Then there’s BKK Social Club, ranked No.3 on Asia’s 50 Best Bars 2023 list. This is another venue that requires booking in advance, and it’s well worth the wait. The dimly lit bar is buzzing with hotel guests and visitors looking to get their hands on a new-age Negroni that comes topped with a palm-sized bar of handmade chocolate. Be warned, the cocktail menu is extensive, and if you’re fed up with trying to decide on one, the bartenders are more than happy to recommend it based on your tastes and likes. If you have room for a snack, don’t skip the satay — it’s life-changing (well, not really, but I’m exaggerating for effect). There’s also a box of the finest cigars stashed away, waiting for someone to ask for them.
Health and Wellness
Thailand has long been regarded as a destination for holistic wellness and health retreats, be it for spiritual healing or therapies; it’s woven into the fabric of Thai life, which is probably why this hotel dedicated 2,500 square metres to an Urban Wellness Centre. Spread over two floors, you can start the morning at the gym or in the 30-metre lap pool (adults only). There’s a dedicated mind and body studio for open or private classes. On the lower level, retreat to the spa for a signature Thai massage, body scrub, revitalising facial and a whole host of other treatments and massages. Following your treatment, you can access a steam room and hot pool, then end with a cup of herbal tea. From start to end, the experience is focused on holistic healing.
Just when I thought they couldn’t possibly squeeze in another amenity or space, I stumbled upon an art gallery wedged under the building, between the reception and Brasserie Palmer. The exhibitions change quite regularly, but it’s a lovely surprise to wander through and see what’s on display. During my visit, an artist who bedazzles everyday objects like ramen cups, bottles of dishwashing liquid, and coke bottles filled the gallery with their sparkly objects — some on rotating platforms.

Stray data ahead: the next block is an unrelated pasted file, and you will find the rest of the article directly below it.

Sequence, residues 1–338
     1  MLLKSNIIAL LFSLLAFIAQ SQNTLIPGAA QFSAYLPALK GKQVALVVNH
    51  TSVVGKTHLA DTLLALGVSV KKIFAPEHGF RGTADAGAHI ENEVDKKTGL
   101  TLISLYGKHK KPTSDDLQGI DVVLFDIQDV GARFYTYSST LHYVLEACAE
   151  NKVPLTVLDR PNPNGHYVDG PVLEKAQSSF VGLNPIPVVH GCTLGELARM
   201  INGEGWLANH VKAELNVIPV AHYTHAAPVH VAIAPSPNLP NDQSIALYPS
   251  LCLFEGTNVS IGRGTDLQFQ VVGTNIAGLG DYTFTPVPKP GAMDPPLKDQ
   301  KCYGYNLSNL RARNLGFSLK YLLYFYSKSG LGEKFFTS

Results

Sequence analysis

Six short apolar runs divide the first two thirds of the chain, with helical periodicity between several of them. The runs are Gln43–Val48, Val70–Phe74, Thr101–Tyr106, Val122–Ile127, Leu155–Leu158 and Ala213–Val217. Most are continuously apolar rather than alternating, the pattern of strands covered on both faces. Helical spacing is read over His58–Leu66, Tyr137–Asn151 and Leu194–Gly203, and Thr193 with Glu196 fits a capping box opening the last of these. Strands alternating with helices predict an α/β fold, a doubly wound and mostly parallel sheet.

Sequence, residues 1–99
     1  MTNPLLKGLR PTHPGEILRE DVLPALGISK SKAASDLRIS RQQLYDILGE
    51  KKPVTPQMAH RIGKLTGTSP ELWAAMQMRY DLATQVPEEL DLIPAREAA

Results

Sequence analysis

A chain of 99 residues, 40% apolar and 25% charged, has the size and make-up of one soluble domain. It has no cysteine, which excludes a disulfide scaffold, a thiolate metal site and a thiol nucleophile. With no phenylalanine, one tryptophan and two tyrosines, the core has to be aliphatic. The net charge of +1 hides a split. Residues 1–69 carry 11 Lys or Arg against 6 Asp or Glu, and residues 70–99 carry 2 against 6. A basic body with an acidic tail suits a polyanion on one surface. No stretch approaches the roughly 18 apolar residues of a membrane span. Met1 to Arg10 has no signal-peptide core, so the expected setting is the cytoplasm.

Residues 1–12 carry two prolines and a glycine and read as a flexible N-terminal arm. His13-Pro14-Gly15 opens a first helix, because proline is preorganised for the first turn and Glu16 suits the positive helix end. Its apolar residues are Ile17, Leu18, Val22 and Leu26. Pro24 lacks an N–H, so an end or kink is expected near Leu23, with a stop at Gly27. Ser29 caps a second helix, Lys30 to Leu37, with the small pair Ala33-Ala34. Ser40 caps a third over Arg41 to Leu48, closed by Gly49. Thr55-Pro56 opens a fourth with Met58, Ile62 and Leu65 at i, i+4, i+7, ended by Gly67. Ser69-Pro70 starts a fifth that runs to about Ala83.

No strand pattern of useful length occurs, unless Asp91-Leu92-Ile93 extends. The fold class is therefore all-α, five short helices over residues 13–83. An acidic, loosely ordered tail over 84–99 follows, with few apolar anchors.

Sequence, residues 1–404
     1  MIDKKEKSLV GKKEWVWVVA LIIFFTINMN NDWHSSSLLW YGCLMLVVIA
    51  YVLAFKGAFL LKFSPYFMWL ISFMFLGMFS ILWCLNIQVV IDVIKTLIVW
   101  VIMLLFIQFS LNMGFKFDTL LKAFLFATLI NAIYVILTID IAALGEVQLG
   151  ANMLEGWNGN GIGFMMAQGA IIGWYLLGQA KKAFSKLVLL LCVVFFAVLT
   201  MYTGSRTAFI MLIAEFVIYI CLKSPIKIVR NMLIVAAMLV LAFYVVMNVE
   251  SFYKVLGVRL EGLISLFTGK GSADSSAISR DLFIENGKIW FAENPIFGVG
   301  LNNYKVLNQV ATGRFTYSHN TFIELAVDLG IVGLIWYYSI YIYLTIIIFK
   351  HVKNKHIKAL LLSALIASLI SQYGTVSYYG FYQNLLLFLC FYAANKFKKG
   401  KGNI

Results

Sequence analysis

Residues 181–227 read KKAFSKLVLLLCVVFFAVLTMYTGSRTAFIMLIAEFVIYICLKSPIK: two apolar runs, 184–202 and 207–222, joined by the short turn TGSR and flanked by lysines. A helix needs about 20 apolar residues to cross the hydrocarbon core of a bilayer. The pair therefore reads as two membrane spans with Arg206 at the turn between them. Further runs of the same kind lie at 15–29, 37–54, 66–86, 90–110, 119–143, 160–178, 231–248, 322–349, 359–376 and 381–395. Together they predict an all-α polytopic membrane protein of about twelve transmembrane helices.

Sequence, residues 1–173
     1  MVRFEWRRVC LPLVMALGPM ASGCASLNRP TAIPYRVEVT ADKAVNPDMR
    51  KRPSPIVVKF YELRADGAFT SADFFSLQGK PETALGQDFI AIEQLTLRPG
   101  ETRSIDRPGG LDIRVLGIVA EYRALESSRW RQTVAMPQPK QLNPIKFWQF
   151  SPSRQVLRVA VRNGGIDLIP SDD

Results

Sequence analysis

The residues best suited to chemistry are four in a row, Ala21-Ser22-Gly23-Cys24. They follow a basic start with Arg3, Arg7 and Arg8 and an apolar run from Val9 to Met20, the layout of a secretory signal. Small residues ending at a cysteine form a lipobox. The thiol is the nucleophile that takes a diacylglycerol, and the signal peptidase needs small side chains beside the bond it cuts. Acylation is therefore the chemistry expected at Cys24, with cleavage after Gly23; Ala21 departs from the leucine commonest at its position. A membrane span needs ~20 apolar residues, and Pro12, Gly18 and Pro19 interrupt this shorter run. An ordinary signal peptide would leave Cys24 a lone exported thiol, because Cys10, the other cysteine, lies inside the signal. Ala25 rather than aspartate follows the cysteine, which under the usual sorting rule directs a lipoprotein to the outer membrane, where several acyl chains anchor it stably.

As we’ve all seen on White Lotus, some luxury hotel brands prefer to keep guests caged in luxury, convenience, and comfort. The idea is to never have to leave the hotel, and while Four Seasons Bangkok Chao Phraya River does exactly that with its Rolodex of amenities and dining options, it also encourages guests to immerse themselves in the local culture, to see the sights and temples of Bangkok through excursions. Guests can choose a handful of experiences, like a temple tour, a guided tour, or your choice of famous ones, lesser-known ones, or both. You can take a walking tour of Charoenkrung, see Bangkok by a local longtail boat, or, my personal favourite, eat your way through the street food pockets of Bangkok, including trying some vendors with coveted Michelin stars.
Each experience is accompanied by a local Four Seasons tour guide, so you can expect the service to mirror that of inside the hotel, including an esky filled with every type of drink ready and waiting in the van after a tour temple in 90% humidity. However, it’s not always cushiony vans or the super flash Four Seasons limousine chauffeuring you around Bangkok. Guests have the option to embrace the local atmosphere by hopping into a tuk-tuk and exploring neighbourhoods and shops.
The distinctive feature of this hotel lies in its ability to offer everything within its opulent confines while actively encouraging guests to venture out and immerse themselves in the rich tapestry of the local culture. What’s the saying? You get what you pay for? In this case, you get more.